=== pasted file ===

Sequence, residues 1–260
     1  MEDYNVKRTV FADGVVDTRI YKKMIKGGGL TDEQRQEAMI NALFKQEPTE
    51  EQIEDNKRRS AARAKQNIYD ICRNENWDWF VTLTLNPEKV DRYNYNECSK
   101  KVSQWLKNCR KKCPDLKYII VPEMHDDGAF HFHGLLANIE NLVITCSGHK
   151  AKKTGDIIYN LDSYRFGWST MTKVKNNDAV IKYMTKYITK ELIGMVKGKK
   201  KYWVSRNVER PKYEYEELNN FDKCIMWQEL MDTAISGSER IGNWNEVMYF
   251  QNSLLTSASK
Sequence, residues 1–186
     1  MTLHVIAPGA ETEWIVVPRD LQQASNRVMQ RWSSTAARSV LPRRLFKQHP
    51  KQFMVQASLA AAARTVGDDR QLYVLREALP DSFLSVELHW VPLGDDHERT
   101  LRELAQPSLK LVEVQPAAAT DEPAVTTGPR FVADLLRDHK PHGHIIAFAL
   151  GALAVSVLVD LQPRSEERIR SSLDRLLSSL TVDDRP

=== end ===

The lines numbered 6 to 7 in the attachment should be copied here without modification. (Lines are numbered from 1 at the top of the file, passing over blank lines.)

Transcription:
   201  KYWVSRNVER PKYEYEELNN FDKCIMWQEL MDTAISGSER IGNWNEVMYF
   251  QNSLLTSASK